You know how in war movies the woman is worriedly baking cookies in a poorly lit room just wondering if Johnny will ever come home? It's right about then that a truck comes into the viewer's line of vision and it winds down a prairie road with wheat blowing everywhere until Johnny kicks down the door (Screw you, door!) and runs in. The tragic, well lipsticked young woman shrieks and throws her arms & legs around him as the music swells and the camera pans out and an American flag appears somewhere on screen. You know that... those movies, right?
I'm pretty sure that's how my boyfriend felt when I told him I was deleting the Pinterest app off my phone. (Please note that in true gender bending fashion, I am Johnny in this metaphor. HASHTAG FEMINISM. I've done my part for the day.)
Oh don't worry, I still manage to waste time. Despite getting Pinterest about two years ago, I never really felt drawn to it in the way I kept refreshing Tumblr or scrolled down repeatedly on Twitter. However, the odd eye catching photo of a chevron dresser or sock bun or a girl's skirt and bright tights with her clutching a bag that strangely omits the top of her body (classic blogging! Don't look at the top of this post...) on Facebook can draw me into a downwards spiral of French braids and polka dots from which I will not emerge until my weak body whispers "You haven't eaten in five hours but you keep looking at cupcakes."
"Inspiration overload" certainly doesn't sound sinister, but up until the last month I had a folder of great do it yourself ideas but no 'done it myself's to be proud of. Part of this is cost prohibitive; I can replicate a 700$ trellis patterned dresser for 300$, but my ten buck gift card to the Dollar Store might stretch a little thin. Still; I certainly have enough painter's tape and plain glass jars to keep me crafting for years. So why haven't I?
An inspiration diet may seem like a death sentence to creative types like me, but after nixing half the blogs on my bloglovin I was forced to stare at an empty cue for three minutes straight before getting up, putting a pot of tea on for Luke, & plotting how I would paint my new white (thrifted) trench coat. Turns out, it just needed some grey fake piping. Since then, my shoes, cellphone case, spring jacket, vases, and walls all look a little better.
There's an old saying that goes something along the lines of "20% inspiration, 80% perspiration." Although I question the scientific credibility of both those numbers and components (Hello! What about dexterity? Also, I thought I was the only one who sweat that much when thinking about doilies...), the sentiment is excellent. You can't wear what you pin. A folder of Scandinavian modernist showers does nothing for your 1970s pink and yellow tile bathroom. Viewing thousands of new workouts only works your finger muscles, and trust me, they are looking sharp.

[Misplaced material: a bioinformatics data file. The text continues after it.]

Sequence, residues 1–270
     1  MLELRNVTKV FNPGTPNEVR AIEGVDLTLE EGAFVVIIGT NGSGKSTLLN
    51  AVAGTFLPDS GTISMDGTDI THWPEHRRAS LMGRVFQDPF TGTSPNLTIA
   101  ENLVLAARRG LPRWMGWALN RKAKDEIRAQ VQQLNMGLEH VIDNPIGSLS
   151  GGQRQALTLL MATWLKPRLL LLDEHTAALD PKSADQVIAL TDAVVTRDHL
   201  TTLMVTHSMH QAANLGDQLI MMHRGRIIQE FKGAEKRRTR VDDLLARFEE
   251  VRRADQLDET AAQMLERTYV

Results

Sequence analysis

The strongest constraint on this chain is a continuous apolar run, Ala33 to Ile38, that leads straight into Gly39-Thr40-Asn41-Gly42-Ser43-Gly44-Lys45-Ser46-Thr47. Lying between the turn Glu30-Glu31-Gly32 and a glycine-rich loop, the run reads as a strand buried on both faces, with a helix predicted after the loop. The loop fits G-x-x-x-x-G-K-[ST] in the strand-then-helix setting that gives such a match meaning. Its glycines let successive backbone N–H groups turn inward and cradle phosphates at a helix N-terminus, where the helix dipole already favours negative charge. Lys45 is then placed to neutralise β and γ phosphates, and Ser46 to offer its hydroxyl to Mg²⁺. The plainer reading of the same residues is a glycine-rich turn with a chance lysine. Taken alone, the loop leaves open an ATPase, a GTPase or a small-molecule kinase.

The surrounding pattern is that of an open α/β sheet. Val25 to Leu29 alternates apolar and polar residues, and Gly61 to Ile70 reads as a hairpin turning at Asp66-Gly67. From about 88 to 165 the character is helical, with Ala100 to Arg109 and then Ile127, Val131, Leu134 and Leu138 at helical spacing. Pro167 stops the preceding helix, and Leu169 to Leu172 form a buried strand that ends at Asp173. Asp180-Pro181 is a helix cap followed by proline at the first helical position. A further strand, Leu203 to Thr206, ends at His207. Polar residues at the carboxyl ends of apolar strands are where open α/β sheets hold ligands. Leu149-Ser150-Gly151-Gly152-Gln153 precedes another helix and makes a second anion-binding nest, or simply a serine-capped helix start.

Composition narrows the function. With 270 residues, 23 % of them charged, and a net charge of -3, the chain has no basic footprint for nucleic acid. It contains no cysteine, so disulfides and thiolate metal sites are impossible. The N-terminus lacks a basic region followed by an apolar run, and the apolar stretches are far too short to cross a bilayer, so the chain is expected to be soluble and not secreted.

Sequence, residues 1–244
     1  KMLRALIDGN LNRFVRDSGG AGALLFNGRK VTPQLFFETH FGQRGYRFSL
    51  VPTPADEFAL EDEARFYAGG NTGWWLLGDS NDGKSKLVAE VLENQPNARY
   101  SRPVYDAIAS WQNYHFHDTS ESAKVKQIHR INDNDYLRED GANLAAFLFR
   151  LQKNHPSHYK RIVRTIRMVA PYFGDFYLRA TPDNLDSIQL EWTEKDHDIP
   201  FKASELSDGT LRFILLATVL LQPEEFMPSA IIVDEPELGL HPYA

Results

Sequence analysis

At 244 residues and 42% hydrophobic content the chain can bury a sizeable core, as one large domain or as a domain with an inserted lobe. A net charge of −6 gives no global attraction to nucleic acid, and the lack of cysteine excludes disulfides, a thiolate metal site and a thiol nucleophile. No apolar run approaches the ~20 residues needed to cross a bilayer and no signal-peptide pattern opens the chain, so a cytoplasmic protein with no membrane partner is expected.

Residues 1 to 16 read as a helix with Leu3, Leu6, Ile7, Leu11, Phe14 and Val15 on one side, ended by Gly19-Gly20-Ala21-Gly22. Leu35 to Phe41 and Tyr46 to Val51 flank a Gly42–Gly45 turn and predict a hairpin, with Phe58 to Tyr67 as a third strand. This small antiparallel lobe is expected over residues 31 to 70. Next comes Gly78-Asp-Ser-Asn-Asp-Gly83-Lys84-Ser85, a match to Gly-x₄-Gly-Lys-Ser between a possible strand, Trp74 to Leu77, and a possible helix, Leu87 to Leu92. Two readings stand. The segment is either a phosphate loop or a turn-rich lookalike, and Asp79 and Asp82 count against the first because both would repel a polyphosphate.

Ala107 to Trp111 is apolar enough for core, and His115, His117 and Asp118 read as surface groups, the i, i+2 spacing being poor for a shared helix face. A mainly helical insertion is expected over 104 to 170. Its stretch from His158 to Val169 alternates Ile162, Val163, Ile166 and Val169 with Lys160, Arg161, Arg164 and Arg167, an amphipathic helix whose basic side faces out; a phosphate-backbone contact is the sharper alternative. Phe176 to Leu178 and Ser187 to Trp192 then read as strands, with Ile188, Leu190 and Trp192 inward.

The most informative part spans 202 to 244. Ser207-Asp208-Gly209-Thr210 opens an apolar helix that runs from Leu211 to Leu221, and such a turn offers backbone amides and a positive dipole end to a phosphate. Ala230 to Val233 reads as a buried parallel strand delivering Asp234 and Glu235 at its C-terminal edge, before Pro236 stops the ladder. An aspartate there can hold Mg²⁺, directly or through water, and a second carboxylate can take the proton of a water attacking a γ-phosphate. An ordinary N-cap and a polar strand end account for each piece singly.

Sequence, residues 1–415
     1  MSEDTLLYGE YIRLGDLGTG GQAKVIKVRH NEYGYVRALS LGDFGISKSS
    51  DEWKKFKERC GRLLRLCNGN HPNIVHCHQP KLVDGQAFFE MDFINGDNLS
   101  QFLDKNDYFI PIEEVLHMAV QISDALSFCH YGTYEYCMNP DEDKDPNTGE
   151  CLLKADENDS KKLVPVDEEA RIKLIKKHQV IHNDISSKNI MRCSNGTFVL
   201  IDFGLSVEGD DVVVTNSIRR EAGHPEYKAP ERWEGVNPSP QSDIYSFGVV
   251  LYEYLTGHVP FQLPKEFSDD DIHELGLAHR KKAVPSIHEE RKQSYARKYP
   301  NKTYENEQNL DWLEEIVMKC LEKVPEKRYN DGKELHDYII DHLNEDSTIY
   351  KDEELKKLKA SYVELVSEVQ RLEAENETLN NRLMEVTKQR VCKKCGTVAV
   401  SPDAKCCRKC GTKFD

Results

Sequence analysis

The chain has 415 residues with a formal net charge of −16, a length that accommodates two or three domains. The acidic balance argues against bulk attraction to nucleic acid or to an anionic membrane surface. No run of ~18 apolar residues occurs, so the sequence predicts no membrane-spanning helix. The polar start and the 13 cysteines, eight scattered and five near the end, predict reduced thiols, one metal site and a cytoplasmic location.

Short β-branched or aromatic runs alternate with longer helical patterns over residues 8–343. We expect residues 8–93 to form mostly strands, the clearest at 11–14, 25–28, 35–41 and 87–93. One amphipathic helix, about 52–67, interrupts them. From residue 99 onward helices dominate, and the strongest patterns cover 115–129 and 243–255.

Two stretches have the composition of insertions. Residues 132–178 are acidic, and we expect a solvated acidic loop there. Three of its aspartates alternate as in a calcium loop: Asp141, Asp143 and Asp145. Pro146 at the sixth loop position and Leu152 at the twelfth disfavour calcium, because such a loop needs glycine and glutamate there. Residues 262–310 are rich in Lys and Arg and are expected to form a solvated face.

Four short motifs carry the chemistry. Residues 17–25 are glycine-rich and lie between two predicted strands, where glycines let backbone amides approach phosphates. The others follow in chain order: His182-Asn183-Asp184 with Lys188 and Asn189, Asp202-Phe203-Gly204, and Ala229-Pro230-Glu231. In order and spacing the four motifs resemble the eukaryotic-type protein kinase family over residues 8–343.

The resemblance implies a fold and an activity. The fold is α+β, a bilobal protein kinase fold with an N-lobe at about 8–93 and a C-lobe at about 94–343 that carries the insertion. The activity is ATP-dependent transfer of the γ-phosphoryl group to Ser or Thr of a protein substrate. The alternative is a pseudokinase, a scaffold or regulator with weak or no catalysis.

Of course, the Internet creeps into your life like a... Oh no, let's none of us pretend that anyone actually gave up the Internet. It is inevitable & grand. Apartment Therapy is still my homepage. I try to limit my "lovely seeking" to the bus, on which I can't do much else safe wiggle awkwardly to try not to touch the impolite person seated beside me. I'm just saying that we pages are permanent; that next blog on your cue can wait until tomorrow... except this one of course.
I also take anger to the way that Pinterest is about snaps instead of people. Many have pointed out their rather sketchy terms of service, but with blogs people are able to express many aspects of themselves. I blog about dystopia and vintage wallets with the same passion, and this medium allows me to express that. Pinterest is so much based on visuals that I feel an element of the person actually doing the work is lost. There are endless pages of perceived perfection with no substance. It's like taking Do the Right Thing and reducing it to gifs. I mean, it has been done (this is the Internet!), but I can't help feel as though voices and personality gets lost in the sea of over-saturated snaps of manicures.
I'm sure Luke will eventually tire of me painting stripes on everything that isn't bolted down (and maybe even our walls) and plead me to return to my folders of dream living rooms, or maybe we'll have the courage to you know, go for a walk or something. Still, I'm making a bold statement a la Charlie Angus about making tangible things with my tangible hands in this sometimes tangible life. I urge you to do the same.
Besides, you can always take pictures after! & then pin them! I promise.